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Ruling on legal costs: support for community groups

Ruling on legal costs: support for community groups

One of the major hurdles that environmental and community groups confront when they decide to take on a corporate or government entity in the courts is what happens if they lose the case? Every year there are fundraisers for community-based organisations that, having lost a court case to stop a development, find themselves facing legal bills of more than $200,000.


A recent ruling  by the  Land and Environment Court may make things easier by limiting the amount a community or environmental group would have to pay if they did lose their case.

The Blue Mountains Conservation Society (BMCS)  is alleging that Delta Electricity has been polluting the Cox's River near Lithgow and it wants court orders to get it to stop and to clean up any mess they say has been made. Delta denies the claims. Knowing they would be in for a long and expensive fight, the BMCS took the unusual step of
asking Justice Pain to rule that even if they lost the case, Delta Electricity would only be able to recover up to $20,000 in legal costs from them.

Justice Pain agreed. Costs, if the case runs all the way to trial, could be more than $200,000 given that it would involve expert evidence, the involvement of big law firms, senior counsel etc.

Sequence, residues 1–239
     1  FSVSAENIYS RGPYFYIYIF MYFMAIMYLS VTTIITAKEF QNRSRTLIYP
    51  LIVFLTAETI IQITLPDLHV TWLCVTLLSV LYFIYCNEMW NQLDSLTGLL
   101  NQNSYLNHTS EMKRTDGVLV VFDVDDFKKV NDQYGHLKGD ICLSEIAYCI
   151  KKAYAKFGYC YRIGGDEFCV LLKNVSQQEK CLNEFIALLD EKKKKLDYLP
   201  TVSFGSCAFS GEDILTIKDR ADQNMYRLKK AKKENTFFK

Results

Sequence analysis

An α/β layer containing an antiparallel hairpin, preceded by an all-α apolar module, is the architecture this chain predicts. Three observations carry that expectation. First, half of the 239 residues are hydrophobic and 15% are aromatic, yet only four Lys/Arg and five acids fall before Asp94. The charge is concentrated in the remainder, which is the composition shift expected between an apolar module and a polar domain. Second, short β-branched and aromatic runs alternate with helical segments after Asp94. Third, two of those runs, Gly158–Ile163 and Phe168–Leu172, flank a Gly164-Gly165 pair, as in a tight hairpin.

However Justice Pain's ruling has conditions.The litigation has to be in the public interest and it helps if the community or environmental group has brought matters to the attention of government before heading to court. Having lawyers act pro bono, and having no pecuniary interest in the outcome of the case, are also relevant factors, as is the issue of the strength of the case.

This decision, if it is followed by other courts, will bring Australia into line with the UK and Canada on capping legal fees. And it might also get governments and corporations talking to environmental and community groups earlier, although the reality is that many litigants who are fighting against community organisations don't expect to recover all of their costs if they win anyway.

The win by the BMCS represents an innovative attempts by the courts to do what our legislators have repeatedly failed at -- making access to justice cheaper for the small player.
 

© copyright mcan| Website design webmaster Robert Hart   Today's date Wed 26th Sep 2018 03:55am UTC